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In the 1970s, feminists focused critical attention on fairy tales and broke the spell that had enchanted readers for centuries. By exposing the role of fairy tales in the cultural struggle over gender, feminism transformed fairy-tale studies and sparked a debate that would change the way society thinks about fairy tales and the words "happily ever after." Now, after three decades of provocative criticism and controversy, this book reevaluates the feminist critique of fairy tales.
The eleven essays within Fairy Tales and Feminism challenge and rethink conventional wisdom about the fairy-tale heroine and offer new insights into the tales produced by female writers and storytellers. Resisting a one-dimensional view of the woman-centered fairy tale, each essay reveals ambiguities in female-authored tales and the remarkable potential of classical tales to elicit unexpected responses from women. Exploring new texts and contexts, Fairy Tales and Feminism reaches out beyond the national and cultural boundaries that have limited our understanding of the fairy tale. The authors reconsider the fairy tale in French, German, and Anglo-American contexts and also engage African, Indian Ocean, Iberian, Latin American, Indo-Anglian, and South Asian diasporic texts. Also considered within this volume is how film, television, advertising, and the Internet test the fairy tale's boundaries and its traditional authority in defining gender.
From the Middle Ages to the postmodern age-from the French fabliau to Hollywood's Ever After and television's Who Wants to Marry a Millionaire?-the essays assembled here cover a broad range of topics that map new territory for fairy-tale studies. Framed by a critical survey of feminist fairy-tale scholarship and an extensive bibliography-the most comprehensive listing of women-centered fairy-tale research ever assembled-Fairy Tales and Feminism is a valuable resource for anyone interested in the intersection of fairy tales and feminism.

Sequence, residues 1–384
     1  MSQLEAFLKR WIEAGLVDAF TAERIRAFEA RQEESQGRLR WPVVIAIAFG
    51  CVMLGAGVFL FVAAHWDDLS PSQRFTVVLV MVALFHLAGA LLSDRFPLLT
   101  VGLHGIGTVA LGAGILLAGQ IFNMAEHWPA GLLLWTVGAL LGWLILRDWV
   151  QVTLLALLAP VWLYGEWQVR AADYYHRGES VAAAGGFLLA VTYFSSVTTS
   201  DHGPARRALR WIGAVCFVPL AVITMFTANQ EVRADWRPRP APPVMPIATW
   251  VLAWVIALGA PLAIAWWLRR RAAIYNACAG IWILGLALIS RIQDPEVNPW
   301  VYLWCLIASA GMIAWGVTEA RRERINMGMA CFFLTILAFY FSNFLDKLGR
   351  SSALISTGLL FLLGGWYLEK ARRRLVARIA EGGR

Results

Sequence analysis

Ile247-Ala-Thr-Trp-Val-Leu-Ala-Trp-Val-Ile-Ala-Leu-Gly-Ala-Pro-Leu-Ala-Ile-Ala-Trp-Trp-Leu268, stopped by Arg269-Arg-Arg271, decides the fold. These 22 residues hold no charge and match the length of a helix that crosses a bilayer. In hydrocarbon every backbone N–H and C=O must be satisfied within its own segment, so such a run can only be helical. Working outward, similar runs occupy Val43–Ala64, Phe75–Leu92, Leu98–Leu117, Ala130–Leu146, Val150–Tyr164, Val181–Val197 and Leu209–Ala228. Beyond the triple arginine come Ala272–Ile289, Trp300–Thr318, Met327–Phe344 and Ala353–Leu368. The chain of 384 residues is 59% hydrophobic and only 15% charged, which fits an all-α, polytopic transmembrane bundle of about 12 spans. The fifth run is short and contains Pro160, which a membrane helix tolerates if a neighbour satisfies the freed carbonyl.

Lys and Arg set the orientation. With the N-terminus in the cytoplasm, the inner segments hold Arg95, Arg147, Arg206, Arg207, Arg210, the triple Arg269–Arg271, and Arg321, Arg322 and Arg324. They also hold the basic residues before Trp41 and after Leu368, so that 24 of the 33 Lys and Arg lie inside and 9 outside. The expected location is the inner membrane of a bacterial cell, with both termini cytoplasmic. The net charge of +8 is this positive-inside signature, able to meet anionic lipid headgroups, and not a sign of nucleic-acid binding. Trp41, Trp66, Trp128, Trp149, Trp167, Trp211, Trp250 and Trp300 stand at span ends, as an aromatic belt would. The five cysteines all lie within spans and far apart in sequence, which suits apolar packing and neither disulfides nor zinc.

|1||Feminist fairy-tale scholarship||1|
|2||Fertility control and the birth of the modern European fairy-tale heroine||37|
|3||On fairy tales, subversion, and ambiguity : feminist approaches to seventeenth-century Contes de fees||53|
|4||German fairy tales : a user's manual : translations of six frames and fragments by Romantic women||73|
|5||The mirror broken : women's autobiography and fairy tales||99|
|6||Fire and water : a journey into the heart of a story||113|
|7||The fairy-tale intertext in Iberian and Latin American women's writing||129|
|8||Babes in the Bosque : fairy tales in twentieth-century Argentine women's writing||149|
|9||Creolization as agency in woman-centered folktales||169|
|10||Genre and gender in the cultural reproduction of India as "wonder" tale||179|
|11||Disrupting the boundaries of genre and gender : postmodernism and the fairy tale||197|